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Page last updated at 06:33 GMT, Tuesday, 31 August 2010 07:33 UK
Today: Tuesday 31st August

President Obama will deliver a speech to the American people this evening, formally bringing an end to the US combat mission in Iraq. And the climber who has retraced the last steps of George Mallory to the Everest.

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Business news with Adam Shaw: Mike Smedley of KPMG claims a third of pension schemes in the UK's biggest companies are so under-funded they cannot be restored to health. Roland Buerk reports on the Japanese stock market, which lost 3% of its value overnight despite efforts by the Bank of Japan to boost the economy. And technology advisor Rob Enderle discusses the £35.5m claim settlement agreement by Hewlett-Packard.

President Obama is to formally declare the end of combat operations in Iraq in a televised address to the nation. Dr Adnan Pachachi, Iraq's former foreign minister, explains the state of the country after seven years of war.

Employers will have to enrol all their staff in a basic pension scheme from next year onward. David Robertson, from the Association of Consulting Actuaries, analyses how the new scheme will affect the benefits of staff already enrolled in a pension scheme.

Business news with Adam Shaw.

A new report into the M6 toll motorway suggests that private toll roads are not an economical answer to traffic problems. The RAC Foundation's David Bayliss and Hugh Bladon, of the Association of British Drivers, discuss what lessons there are to be learned about road pricing.

Has the reputation of cricket been seriously damaged after the recent match-fixing allegations? BBC reporter Stephen Lamb has been canvassing opinion from West Country cricket-lovers.

The sports news with Garry Richardson.

How will history come to judge the US invasion of Iraq? Foreign Affairs editor John Simpson assesses the US legacy in the country.

The paper review.

A German World War I postcard, depicting the Kaiser's enemies as barbarians and a fierce-looking Scot in a kilt, has been found in France. Editor of Military Illustrated Magazine Tim Newark looks at the use of imagery in government propaganda.

The thought for the day with Dr Indarjit Singh, Director of the Network of Sikh organisations.

The International Cricket Council (ICC) expects to have a report on the match-fixing allegations within 48 hours and is promising prompt and decisive action. Aleem Maqbool reports on the mood of the Pakistani public. Barry Hearn, of the World Professional Billiards and Snooker Association, analyses the effect of fixing bets on the nature and enjoyment of different sports.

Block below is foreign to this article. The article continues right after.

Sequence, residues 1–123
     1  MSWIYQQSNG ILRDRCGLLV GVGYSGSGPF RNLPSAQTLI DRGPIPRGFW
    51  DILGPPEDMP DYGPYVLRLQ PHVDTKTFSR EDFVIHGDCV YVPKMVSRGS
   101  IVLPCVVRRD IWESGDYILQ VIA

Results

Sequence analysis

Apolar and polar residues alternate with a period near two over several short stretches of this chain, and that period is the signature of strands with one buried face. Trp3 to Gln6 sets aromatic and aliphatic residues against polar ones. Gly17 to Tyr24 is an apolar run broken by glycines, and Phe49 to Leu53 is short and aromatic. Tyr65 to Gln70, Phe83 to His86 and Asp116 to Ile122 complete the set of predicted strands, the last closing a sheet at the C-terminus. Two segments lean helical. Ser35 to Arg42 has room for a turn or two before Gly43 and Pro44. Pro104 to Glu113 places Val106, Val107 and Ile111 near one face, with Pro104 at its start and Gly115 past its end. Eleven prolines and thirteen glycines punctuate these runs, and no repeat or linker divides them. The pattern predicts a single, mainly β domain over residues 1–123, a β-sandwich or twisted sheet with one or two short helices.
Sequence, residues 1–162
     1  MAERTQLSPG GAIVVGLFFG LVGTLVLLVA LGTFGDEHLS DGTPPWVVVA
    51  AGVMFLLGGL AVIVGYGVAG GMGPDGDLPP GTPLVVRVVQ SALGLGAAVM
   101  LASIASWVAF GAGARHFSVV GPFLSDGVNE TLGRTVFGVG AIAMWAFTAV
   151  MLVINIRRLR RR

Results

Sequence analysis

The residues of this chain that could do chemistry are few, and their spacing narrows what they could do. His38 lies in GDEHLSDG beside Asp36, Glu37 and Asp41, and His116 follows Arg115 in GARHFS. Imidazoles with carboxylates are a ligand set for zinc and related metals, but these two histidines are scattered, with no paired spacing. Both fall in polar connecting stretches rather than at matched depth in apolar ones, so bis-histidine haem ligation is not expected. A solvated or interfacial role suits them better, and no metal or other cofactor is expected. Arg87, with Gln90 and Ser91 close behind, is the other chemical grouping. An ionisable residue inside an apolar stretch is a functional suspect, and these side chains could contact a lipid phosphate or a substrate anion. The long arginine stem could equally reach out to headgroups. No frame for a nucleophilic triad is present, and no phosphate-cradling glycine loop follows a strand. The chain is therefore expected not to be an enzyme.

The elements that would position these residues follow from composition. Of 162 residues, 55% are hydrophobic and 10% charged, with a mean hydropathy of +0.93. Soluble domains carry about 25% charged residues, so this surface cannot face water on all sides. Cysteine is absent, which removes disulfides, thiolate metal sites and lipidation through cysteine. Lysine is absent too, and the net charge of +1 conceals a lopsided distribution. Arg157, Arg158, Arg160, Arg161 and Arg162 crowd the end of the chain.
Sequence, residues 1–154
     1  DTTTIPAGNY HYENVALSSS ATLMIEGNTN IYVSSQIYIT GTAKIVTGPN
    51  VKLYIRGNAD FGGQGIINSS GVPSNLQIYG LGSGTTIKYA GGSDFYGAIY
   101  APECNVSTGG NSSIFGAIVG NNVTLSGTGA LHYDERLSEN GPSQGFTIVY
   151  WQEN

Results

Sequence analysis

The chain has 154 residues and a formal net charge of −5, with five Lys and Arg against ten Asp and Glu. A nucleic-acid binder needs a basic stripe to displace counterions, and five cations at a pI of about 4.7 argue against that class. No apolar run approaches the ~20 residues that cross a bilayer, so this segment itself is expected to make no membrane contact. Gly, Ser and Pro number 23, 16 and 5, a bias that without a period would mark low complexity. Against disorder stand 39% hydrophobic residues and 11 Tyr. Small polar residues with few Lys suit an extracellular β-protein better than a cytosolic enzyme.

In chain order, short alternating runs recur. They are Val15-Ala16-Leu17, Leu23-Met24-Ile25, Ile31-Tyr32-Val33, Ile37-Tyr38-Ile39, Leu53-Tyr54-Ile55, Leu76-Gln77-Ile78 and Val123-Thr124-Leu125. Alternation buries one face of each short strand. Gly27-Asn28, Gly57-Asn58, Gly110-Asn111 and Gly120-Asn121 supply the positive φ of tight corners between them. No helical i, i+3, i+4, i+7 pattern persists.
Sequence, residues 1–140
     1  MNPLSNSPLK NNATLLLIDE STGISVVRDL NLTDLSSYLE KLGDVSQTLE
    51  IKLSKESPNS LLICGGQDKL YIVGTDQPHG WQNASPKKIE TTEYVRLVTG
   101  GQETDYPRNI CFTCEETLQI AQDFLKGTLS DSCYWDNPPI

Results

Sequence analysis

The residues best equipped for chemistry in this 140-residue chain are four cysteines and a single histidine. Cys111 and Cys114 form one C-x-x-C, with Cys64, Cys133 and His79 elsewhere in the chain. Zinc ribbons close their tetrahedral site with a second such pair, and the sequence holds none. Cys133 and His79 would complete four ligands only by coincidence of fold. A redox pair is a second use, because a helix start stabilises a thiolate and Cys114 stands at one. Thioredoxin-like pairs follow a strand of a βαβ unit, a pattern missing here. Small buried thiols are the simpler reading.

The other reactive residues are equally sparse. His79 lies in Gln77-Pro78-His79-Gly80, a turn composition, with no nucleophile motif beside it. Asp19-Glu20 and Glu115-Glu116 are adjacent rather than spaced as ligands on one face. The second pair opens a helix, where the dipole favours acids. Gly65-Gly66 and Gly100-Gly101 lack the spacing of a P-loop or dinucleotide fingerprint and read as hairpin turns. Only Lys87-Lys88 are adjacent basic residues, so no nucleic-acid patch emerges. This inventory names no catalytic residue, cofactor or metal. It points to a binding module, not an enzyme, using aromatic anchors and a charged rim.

President Obama will deliver a speech to the people of the US this evening, formally bringing an end to the US combat mission in Iraq. Baghdad correspondent Gabriel Gatehouse has been talking to US soldiers in Iraq. Author and journalist Jon Lee Anderson and former British army officer Crispian Cuss debate what Iraq might look like in 20 years.

Bedbugs are a bigger problem in US households now than at any time since the World War II. Matt Wells reports on how the problem is reaching near-epidemic proportions. Pest management consultant Clive Boase explains how serious the problem is in the UK.

The sports news with Garry Richardson.

The long-awaited peace talks between the Palestinian president and the Israeli prime minister are to resume again in Washington later this week. Middle East editor Jeremy Bowen describes the mood of pessimism surrounding the impending discussions.

Business news with Adam Shaw.

A new film shows how two British climbers retraced the last steps of George Mallory on Everest. One of the climbers Leo Houlding describes the difficulty of the climb using 1920's equipment.

How do sports fans recover from match-fixing scandals? Historian Simon Schama and the Times's sports writer Matthew Syed debate how other sports have reacted to corruption scandals.

Much speculation has accompanied the story of an MI6 worker whose body was found at his flat in central London. Security correspondent Gordon Correra reveals what has been found out about him and his work.

Poland marks the 30th anniversary of Gdansk accords which gave rise to the first independent trade union in the Soviet bloc. Former BBC reporter at the city's shipyard, Brian Walker, reflects on the events leading up to the agreement at the time.

Is it time for the Today programme to have a new theme tune? Composer Simon May outlines some suggestions for a musical accompaniment to the programme.



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